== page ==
20th and 21st Century Literature Science Fiction, Utopian Literature, Utopian Studies Critical Theory and the Frankfurt School Philosophy of Time Environmental Humanities, Petrocultures, Energy Humanities Open Access Publishing Dr Caroline Edwards is Senior Lecturer in Modern & Contemporary Literature in the Department of English & Humanities at Birkbeck, University of London, where she is actively involved with Birkbeck’s Centre for Contemporary Literature. Her research focuses on the utopian imagination in contemporary literature, science fiction, apocalyptic narratives, and Western Marxism. She is author of Utopia and the Contemporary British Novel (Cambridge University Press, 2019), which examines temporal experience and utopian anticipation in contemporary texts by British writers including Hari Kunzru, Maggie Gee, David Mitchell, Ali Smith, Jim Crace, Joanna Kavenna, Grace McCleen, Jon McGregor and Claire Fuller. Her work on contemporary writers has also led to two co-edited books: China Miéville: Critical Essays, co-edited with Tony Venezia (Gylphi, 2015) and Maggie Gee: Critical Essays, co-edited with Sarah Dillon (Gylphi, 2015). Caroline is currently working on her second monograph, Arcadian Revenge: Utopia, Apocalypse and Science Fiction in the Era of Ecocatastrophe, which considers how fictions of extreme environments (such as Mars, Antarctica, the deep sea, and the centre of the Earth) have allowed writers to imagine creative responses to real and perceived disasters about climate change, from the late 19th century to the present day. Caroline has written a number of journal articles for publications such as Telos, Modern Fiction Studies, Textual Practice, Contemporary Literature, ASAP/Journal, the New Statesman and the Times Higher Education Supplement. Her book chapter contributions on science and utopian fiction and contemporary literature include chapters for The Cambridge Companion to British Fiction, 1980-2018 (ed. Peter Boxall), The Cambridge Companion to Science Fiction, 2nd edition (ed. Niall Harrison, Farah Mendlesohn and Edward James), Science Fiction: A Literary History (ed. Roger Luckhurst, for the British Library Press), The Routledge Companion to Twenty-First Century Literary Fiction (ed. Daniel O’Gorman and Robert Eaglestone), British Literature in Transition, 1980–2000: Accelerated Times (ed. Eileen Pollard and Berthold Schoene, Cambridge University Press, 2019) and the Palgrave Handbook of Utopian and Dystopian Literature (ed. Jennifer Wagner-Lawlor, Fátima Vieira and Peter Marks). In addition to her public engagement work, Caroline has also been invited to lecture at a number of academic and public institutions, including Harvard University, the European Commission in Brussels, the LSE, King’s College London, the National Library of Sweden, the University of Durham, the Academy of the Fine Arts in Vienna, UCL, the University of Cardiff, the Royal Irish Academy, SOAS, the University of Warwick, the Literary London Society, the British Library, Queen Mary, University of London, and the Institute of English Studies. She has given media interviews for the BBC, the Chronicle of Higher Education, the Times Higher Education, the Austrian national broadcaster Österreichischer Rundfunk (ORF) and the Guardian. She is regularly involved in public speaking and has been invited to share her research in events at the Wellcome Trust, the Institute of Contemporary Arts, BBC Radio 4, BBC Radio 3, Hillingdon Literary Festival, the Museum of London, BBC One South East, the Royal Observatory at Greenwich, and the LSE Literary Festival. Caroline is known for her advocacy in open access publishing. She is Founding and Commissioning Editor of the open access journal of 21st-century literary criticism, Alluvium, and is Founder (with Prof. Martin Eve) and Editorial Director of the Open Library of Humanities (OLH) – a leading open access publishing platform for humanities journals, which is also working with numerous international partners including: Harvard University Press, Oxford University Press, Cambridge University Press, Open Book Publishers, the Andrew W. Mellon Foundation, the Public Knowledge Project, the Wellcome Trust, the British Library, the Creative Commons, RCUK, Jisc Collections, and the Modern Languages Association. As part of her campaigning for open access and work in publishing, Caroline regularly gives invited keynote talks and lectures at open access conferences and publishing events. Caroline supervises several PhD research students working on contemporary literature and science fiction, as well as digital humanities, projects. She welcomes PhD applications on the following topics: 21st-century literature, utopian and dystopian narratives, science fiction (particularly feminist SF, ecocatastrophe narratives, the New Weird, and contemporary slipstream), apocalyptic literature and culture, literary and critical theory, Western Marxism and the philosophy of the Frankfurt School. Caroline was on grant-funded leave from teaching for 2015-2018. Between 2013 and 2015, she was Director of the MA Contemporary Literature and Culture and taught on the BA English, MA Contemporary Literature and Culture, MA Modern and Contemporary Literature and MA Cultural and Critical Studies. Caroline joined the department in September 2013, having previously worked as Lecturer in English at the University of Lincoln (2011-2013), Tutor in English Literature at the University of Surrey (2010-2011) and Visiting Lecturer at the University of Nottingham (2008). She was made a Senior Fellow of the Higher Education Academy (HEA) in 2016 and was a founding Secretary of the British Association for Contemporary Literary Studies (BACLS). Contact details: Email: firstname.lastname@example.org Twitter: @the_blochian Website: http://www.drcarolineedwards.com/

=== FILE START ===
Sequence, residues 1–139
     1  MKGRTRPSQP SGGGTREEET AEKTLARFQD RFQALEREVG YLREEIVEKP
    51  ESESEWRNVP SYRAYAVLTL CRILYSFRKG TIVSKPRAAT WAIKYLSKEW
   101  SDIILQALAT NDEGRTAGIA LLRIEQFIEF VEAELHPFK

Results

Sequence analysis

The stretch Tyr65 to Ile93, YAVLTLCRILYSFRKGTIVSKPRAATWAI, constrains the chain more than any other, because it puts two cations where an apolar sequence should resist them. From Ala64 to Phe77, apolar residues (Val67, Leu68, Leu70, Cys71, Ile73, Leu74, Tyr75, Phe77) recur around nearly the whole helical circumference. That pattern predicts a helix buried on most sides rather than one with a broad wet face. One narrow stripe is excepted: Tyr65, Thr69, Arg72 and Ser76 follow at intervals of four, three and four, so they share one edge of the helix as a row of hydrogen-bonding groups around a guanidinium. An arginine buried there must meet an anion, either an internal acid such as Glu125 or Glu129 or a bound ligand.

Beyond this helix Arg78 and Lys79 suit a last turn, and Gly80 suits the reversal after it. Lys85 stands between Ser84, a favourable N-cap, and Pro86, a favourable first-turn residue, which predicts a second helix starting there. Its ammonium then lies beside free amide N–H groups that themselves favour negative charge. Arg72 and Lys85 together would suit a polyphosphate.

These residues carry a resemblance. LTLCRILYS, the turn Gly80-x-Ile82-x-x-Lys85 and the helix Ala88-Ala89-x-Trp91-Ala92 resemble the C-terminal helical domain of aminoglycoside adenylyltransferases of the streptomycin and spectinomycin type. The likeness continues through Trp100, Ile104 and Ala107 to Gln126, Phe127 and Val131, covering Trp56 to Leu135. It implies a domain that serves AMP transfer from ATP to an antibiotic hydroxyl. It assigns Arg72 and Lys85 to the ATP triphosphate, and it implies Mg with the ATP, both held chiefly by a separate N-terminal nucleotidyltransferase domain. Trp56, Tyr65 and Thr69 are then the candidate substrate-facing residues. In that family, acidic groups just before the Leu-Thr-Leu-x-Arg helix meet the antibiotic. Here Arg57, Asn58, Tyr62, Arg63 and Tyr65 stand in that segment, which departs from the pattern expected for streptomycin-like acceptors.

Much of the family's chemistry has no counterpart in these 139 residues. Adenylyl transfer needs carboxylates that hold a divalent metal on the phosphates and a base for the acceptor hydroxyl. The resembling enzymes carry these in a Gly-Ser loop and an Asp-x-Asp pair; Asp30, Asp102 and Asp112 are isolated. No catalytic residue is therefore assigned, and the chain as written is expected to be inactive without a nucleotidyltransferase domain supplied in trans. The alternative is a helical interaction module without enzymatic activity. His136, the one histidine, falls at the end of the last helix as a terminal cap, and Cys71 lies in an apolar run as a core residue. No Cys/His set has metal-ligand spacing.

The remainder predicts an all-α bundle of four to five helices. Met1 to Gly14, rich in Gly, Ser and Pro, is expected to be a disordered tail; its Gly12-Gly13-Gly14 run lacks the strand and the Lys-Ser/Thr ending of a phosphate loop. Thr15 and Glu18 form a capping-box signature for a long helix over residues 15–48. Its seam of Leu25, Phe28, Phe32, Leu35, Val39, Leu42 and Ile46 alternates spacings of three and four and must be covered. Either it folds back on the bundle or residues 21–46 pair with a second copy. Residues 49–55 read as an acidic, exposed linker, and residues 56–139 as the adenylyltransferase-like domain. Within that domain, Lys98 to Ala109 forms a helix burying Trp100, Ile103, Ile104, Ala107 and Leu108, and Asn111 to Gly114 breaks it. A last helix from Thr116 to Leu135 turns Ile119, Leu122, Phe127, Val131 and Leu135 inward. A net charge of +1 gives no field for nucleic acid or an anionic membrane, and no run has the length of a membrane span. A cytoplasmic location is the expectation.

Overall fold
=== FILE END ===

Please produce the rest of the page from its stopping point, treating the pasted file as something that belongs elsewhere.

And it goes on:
Jason A. Bartles is a writer, translator, and Assistant Professor of Spanish in the Department of Languages and Cultures at West Chester University of Pennsylvania. His work has focused on the intersections of literature, politics, and ethics in the 1960s and 70s in Cuba and the Southern Cone. Recently, he has begun work on the cultural archives of the Malvinas/Falkland Islands and the potential for utopian thought today.
I am a researcher and critic working at the intersection of literature, the history of science, and philosophy, interested primarily in 19th century evolutionary thought and its cultural, political afterlives. My first monograph, Rethinking the Human in the Darwinian Novel, examines responses to evolutionary theory in 19th century literary realism and later Utopian fiction. Other projects, both in progress and complete, include work on the representation of islands in literature and philosophy, Michel Houellebecq, and the reception of Samuel Butler in the writing of Gilles Deleuze.